It is still, however, unclear how temperature signals influence chromatin dynamics. Recently, a detailed transcriptomics study together with the study of YUC8 activation upon temperature shifts have started to shed a light on plausible mechanisms (Lee et al., 2014; Cortijo et al., 2017). The RNA binding protein FLOWERING TIME CONTROL PROTEIN A (FCA) is recruited at the YUC8 locus through its interaction with PIF4 and mediate histone demethylation, which in turn promotes PIF4 dissociation diminishing the growth response (Lee et al., 2014). The heat shock transcription factor, HSFA1 induces rapid changes in gene expression under heat shock but also under warm, non-stressful, temperatures. HSFA1 was found to bind Heat Shock Elements (HSE) in the promoters of heat responsive genes at cold temperature, suggesting that they may contribute to maintaining a ‘poised’ transcriptional state. Post-translational modifications upon an increase in temperature was proposed to trigger the activation of HSFA1 and lead to the recruitment of other transcription factors, chromatin remodellers and/or components of the transcription machinery (Cortijo et al., 2017). Genes rapidly responding to high temperature also have an H2A.Z nucleosome downstream of the HSEs and the temperature dependent eviction of this nucleosome is dependent on HSFA1 (Cortijo et al., 2017). These results suggest that the coordinate effect of HSFA1 and H2A.Z may provide a rapid transcriptional switch. H2A.Z was proposed to promote gene responsiveness and to facilitate the elongation of RNA polymerase II (RNA polII) (Coleman-Derr and Zilberman, 2012; Weber et al., 2014). It is, therefore, plausible that the activation of HSFA1 together with the presence of an H2A.Z nucleosome at its vicinity may facilitate RNA polII elongation and thus rapid transcriptional responses (Cortijo et al., 2017).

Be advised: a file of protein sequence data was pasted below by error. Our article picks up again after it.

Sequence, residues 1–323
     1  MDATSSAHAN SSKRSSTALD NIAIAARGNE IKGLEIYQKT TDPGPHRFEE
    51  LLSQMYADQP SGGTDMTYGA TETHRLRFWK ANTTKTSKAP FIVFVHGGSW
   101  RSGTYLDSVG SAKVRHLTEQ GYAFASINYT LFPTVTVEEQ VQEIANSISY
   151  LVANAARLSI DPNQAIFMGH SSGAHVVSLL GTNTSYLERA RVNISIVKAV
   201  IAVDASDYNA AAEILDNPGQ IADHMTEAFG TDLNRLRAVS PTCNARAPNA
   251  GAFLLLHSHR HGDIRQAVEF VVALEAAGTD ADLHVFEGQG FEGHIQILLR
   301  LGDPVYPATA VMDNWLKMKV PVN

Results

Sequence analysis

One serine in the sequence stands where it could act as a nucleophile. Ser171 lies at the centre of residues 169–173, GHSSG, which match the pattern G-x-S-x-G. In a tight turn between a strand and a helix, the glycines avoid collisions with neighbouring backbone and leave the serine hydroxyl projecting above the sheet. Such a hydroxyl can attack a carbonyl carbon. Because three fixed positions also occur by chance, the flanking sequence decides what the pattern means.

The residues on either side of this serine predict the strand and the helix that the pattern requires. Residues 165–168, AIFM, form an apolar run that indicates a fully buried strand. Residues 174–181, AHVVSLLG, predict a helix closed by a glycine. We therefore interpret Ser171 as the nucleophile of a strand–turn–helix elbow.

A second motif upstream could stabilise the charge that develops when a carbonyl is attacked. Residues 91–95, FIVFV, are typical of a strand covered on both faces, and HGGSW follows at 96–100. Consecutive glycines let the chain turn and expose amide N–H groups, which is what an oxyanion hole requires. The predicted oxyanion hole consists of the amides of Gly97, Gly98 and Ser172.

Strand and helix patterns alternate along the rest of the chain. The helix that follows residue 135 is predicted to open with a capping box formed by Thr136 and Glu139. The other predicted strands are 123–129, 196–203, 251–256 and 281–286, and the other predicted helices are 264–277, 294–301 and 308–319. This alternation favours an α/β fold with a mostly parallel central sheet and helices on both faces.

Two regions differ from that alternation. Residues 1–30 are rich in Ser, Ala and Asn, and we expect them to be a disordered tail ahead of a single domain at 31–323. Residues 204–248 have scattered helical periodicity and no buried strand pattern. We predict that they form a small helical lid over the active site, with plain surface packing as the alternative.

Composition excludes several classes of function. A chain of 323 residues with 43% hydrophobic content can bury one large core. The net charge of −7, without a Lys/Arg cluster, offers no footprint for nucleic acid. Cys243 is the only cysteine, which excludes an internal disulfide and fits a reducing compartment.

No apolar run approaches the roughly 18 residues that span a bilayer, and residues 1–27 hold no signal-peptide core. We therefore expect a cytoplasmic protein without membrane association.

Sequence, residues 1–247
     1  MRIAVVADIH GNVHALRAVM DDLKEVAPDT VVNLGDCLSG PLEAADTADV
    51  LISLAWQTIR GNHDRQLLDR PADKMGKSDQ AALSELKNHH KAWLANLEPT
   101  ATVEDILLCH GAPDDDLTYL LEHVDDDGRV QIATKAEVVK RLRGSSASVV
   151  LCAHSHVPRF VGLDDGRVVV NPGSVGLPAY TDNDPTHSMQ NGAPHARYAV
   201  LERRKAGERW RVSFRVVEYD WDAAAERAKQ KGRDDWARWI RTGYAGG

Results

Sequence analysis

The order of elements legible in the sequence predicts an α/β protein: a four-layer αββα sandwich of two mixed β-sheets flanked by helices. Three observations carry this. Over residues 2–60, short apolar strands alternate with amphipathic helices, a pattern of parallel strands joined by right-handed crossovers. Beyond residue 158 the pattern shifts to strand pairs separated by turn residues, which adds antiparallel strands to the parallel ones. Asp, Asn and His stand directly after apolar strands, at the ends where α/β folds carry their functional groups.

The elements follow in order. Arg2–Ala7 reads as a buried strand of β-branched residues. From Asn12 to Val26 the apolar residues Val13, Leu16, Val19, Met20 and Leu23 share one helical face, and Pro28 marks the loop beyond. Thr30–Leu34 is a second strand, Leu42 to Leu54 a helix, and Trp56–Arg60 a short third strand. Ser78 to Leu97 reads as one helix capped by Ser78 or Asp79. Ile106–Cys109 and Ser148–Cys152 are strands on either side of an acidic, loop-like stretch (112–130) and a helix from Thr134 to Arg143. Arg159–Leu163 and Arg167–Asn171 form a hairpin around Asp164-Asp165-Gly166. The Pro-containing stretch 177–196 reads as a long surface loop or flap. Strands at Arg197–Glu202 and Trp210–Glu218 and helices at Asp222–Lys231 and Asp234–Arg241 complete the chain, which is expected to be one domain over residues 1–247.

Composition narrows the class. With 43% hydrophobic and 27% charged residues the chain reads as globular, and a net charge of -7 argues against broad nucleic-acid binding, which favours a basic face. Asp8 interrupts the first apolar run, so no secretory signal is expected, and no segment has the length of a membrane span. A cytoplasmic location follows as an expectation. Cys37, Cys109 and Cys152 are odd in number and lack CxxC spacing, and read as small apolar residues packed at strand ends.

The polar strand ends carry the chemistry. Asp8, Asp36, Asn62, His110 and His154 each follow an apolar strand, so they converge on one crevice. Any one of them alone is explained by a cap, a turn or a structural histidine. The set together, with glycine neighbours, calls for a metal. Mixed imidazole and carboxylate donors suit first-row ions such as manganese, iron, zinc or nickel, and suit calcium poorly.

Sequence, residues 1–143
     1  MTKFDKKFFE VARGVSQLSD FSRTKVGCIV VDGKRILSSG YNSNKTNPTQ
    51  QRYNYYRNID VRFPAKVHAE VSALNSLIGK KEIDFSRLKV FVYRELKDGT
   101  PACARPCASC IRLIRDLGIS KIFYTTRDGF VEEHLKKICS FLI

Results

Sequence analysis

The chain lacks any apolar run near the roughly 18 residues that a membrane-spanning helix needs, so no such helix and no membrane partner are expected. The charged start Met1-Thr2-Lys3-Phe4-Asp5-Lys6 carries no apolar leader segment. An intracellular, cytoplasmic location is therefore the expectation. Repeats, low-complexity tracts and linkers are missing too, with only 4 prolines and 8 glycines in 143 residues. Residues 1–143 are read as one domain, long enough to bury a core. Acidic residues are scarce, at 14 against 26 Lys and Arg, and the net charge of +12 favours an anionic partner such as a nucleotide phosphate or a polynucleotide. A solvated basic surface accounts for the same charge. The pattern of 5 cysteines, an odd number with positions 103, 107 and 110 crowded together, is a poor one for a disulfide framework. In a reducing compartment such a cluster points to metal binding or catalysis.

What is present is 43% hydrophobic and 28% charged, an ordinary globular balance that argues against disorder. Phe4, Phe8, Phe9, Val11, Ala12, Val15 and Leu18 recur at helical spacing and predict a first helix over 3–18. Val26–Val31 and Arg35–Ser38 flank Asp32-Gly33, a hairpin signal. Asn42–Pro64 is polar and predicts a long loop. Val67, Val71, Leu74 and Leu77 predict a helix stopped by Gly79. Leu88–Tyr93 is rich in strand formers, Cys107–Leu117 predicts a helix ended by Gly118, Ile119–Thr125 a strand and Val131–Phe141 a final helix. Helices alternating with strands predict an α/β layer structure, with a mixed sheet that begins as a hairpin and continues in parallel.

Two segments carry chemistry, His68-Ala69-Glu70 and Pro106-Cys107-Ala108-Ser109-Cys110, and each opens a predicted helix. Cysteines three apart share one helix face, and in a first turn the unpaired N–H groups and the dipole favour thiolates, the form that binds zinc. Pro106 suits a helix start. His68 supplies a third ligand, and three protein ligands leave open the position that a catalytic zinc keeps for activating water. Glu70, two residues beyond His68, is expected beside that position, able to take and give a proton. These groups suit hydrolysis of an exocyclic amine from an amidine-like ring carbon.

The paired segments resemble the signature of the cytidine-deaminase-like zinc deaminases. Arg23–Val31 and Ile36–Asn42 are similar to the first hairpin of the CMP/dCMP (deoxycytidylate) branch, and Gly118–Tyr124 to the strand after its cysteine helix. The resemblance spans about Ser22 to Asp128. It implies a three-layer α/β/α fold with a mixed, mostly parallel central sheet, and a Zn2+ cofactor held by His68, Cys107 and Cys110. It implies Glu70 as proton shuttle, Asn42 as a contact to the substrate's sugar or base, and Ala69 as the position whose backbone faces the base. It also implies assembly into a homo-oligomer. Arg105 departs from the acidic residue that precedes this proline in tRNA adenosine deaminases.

These results suggest that both cis-regulatory and nucleosome architecture at promoters might have an influence on gene ‘responsiveness’ (Weber et al., 2014; Cortijo et al., 2017). Because H2A.Z is not only involved in the perception of temperature, such system may be a general feature of environmentally induced transcriptional responses (Sura et al., 2017).
Conclusion and Perspectives